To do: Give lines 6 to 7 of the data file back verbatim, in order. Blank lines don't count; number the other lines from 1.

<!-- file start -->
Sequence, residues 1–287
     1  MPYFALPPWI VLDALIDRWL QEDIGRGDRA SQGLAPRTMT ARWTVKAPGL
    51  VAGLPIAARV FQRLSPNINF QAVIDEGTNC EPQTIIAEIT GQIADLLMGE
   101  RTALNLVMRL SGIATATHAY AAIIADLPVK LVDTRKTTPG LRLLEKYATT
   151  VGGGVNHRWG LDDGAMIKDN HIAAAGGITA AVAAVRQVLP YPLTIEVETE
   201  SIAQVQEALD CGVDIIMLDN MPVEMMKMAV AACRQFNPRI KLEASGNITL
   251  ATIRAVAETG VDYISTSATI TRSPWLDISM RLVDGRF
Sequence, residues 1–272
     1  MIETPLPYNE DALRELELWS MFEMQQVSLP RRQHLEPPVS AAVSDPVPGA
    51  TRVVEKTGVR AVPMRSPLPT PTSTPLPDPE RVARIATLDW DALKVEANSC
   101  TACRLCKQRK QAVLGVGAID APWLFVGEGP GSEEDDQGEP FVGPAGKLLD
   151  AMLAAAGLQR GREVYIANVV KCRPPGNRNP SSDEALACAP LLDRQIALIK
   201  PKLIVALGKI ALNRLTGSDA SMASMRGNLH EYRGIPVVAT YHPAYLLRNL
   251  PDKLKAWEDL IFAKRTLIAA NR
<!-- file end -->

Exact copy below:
   201  SIAQVQEALD CGVDIIMLDN MPVEMMKMAV AACRQFNPRI KLEASGNITL
   251  ATIRAVAETG VDYISTSATI TRSPWLDISM RLVDGRF